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Stealing the Spotlight
Yi-Wyn Yen
May 01, 2006
Overlooked by the opposition, lesser-known players are once again proving to be surprise weapons in the postseason
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May 01, 2006

Stealing The Spotlight

Overlooked by the opposition, lesser-known players are once again proving to be surprise weapons in the postseason

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DETROIT RED WINGS forward Kirk Maltby's primary responsibility is to wear down the opposing team. "I know I'm not looked upon to score on a nightly basis," says Maltby, a fourth-liner who typically plays alongside Dan Cleary and Johan Franzen. "We keep it pretty simple." But after a regular season in which the 6-foot, 197-pound Maltby scored just five goals, his lowest total in seven seasons, and had just six assists, he quickly emerged as an unlikely playoff scoring star--potting both the game-tying and game-winning goals against the Edmonton Oilers in Game 1. The 12-year veteran knocked in a goal with his stick shaft late in the third period and scored when his shot was deflected off Oilers center Rem Murray and between the pads of goalie Dwayne Roloson in the second overtime. "In the playoffs teams get focused on matchups," says Detroit left wing Brendan Shanahan. "We have meetings talking about their best players, and they have meetings focusing on ours. Guys like [Henrik] Zetterberg and [Pavel] Datsyuk, they're never [in a situation] in which the other team doesn't know where they are at every moment. It gives an opportunity for other players to fly under the radar."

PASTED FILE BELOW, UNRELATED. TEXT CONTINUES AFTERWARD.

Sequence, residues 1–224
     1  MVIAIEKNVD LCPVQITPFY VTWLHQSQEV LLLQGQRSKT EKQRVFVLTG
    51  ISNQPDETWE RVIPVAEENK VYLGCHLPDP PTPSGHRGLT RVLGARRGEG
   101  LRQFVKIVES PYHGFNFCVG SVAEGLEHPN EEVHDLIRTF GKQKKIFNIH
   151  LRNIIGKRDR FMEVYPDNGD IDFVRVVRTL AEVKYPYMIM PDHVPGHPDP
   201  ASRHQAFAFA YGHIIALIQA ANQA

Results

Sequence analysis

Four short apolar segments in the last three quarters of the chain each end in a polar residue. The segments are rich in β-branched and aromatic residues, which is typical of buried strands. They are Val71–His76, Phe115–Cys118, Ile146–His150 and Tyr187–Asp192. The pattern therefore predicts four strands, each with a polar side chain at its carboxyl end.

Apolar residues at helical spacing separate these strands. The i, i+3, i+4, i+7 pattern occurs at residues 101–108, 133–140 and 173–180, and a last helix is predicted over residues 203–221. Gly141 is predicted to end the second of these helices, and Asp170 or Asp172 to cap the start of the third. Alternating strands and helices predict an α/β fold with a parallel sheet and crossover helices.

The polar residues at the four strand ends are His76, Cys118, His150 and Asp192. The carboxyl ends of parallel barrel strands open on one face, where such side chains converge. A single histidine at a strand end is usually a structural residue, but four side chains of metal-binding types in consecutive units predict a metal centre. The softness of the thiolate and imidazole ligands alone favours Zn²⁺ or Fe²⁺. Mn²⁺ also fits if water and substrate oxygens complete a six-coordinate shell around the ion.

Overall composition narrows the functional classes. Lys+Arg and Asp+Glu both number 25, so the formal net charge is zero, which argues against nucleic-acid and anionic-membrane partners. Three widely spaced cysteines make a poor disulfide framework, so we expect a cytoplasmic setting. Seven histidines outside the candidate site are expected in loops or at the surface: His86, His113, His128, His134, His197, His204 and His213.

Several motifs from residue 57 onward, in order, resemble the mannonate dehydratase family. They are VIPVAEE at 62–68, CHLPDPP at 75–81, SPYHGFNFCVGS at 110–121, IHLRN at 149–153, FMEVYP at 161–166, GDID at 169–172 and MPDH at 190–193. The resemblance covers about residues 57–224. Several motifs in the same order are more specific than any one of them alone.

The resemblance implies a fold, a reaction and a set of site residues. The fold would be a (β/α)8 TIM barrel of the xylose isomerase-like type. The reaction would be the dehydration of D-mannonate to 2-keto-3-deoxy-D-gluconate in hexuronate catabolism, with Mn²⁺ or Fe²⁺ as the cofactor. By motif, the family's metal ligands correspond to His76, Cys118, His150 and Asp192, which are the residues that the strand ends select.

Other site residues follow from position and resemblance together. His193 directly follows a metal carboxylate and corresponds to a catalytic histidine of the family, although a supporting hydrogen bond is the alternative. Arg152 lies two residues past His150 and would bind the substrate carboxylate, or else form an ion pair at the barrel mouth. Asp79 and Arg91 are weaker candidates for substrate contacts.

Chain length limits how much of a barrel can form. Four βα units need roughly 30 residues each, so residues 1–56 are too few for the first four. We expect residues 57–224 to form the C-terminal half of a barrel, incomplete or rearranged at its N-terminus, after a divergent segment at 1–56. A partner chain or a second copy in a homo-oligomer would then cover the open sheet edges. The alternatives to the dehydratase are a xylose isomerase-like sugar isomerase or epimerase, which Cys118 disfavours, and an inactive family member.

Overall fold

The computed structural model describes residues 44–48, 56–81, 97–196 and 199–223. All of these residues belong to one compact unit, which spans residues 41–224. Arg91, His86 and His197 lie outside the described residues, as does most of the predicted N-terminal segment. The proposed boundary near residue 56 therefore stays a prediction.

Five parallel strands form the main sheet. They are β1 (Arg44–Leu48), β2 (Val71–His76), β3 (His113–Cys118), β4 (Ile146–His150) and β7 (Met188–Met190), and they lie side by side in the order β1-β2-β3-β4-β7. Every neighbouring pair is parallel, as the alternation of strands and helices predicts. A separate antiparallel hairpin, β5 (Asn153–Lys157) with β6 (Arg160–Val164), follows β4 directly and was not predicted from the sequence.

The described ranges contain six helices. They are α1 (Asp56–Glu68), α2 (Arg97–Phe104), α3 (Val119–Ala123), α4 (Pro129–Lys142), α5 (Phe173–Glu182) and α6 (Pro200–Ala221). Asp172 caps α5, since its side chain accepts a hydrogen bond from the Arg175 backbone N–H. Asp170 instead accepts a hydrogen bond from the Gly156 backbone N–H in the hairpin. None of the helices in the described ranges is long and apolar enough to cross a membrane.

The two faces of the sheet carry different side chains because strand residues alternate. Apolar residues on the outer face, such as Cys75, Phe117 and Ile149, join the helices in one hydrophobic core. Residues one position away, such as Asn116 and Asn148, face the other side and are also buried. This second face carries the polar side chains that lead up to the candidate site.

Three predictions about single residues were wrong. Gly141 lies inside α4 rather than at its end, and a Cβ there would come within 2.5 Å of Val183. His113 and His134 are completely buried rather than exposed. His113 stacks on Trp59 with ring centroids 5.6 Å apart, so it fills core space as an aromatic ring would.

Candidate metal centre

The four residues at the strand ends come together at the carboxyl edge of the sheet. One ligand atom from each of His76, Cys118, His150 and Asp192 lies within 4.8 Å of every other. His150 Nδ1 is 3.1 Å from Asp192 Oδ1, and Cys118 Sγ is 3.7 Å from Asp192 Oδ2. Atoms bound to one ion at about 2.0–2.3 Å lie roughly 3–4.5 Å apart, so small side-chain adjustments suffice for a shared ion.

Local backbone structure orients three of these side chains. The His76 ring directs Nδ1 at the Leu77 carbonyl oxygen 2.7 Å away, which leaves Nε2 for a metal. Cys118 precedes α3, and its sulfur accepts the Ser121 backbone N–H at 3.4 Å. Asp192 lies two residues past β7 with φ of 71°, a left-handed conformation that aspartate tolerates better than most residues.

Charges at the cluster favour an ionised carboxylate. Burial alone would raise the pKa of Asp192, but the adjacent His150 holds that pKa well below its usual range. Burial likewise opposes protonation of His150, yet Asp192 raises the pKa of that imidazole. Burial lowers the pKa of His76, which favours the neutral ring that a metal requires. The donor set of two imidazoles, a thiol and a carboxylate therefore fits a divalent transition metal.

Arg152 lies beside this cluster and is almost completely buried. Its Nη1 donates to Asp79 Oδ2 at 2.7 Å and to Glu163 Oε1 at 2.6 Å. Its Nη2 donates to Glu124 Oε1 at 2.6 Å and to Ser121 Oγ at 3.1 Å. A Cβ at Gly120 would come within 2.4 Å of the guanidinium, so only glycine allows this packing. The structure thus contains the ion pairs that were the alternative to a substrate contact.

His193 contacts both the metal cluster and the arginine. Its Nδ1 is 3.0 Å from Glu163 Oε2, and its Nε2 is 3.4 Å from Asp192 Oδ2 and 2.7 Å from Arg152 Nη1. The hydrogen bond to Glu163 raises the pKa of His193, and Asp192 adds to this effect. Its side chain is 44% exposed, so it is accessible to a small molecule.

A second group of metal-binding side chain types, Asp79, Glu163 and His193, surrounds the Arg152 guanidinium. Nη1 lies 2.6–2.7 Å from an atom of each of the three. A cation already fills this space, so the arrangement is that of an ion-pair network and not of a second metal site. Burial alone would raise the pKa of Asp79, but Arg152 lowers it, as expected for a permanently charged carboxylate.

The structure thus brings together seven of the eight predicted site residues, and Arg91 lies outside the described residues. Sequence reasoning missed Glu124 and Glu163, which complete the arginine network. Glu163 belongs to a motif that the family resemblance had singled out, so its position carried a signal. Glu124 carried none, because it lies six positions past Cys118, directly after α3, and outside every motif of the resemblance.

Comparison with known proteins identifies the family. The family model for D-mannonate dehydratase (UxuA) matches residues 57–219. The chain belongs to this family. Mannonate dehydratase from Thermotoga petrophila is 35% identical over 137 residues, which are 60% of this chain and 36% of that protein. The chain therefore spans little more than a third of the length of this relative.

The little-known hero has become a playoff staple over the years, and on Sunday the Oilers evened the series with just such a weapon. Coach Craig MacTavish, wanting to take advantage of rookie Brad Winchester's anonymity, put him on the top line, alongside left wing Ryan Smyth and center Shawn Horcoff. Winchester, who had one assist in 19 regular-season games, converted a cross-ice pass to score the winning goal in the second period.

Meanwhile, in Dallas, the Colorado Avalanche were discovering a go-to guy in rookie Wojtek Wolski. Called up from the Ontario Hockey League three days before the playoffs, the 20-year-old had a goal and two assists in Colorado's 5-2 upset of the Stars last Saturday. "When the playoffs are over, you're going to find [that] the teams that went to the Stanley Cup finals had scoring at key times from all four lines," says Detroit G.M. Ken Holland. "You can't go and play for two months and win with [the top] six guys scoring over and over."

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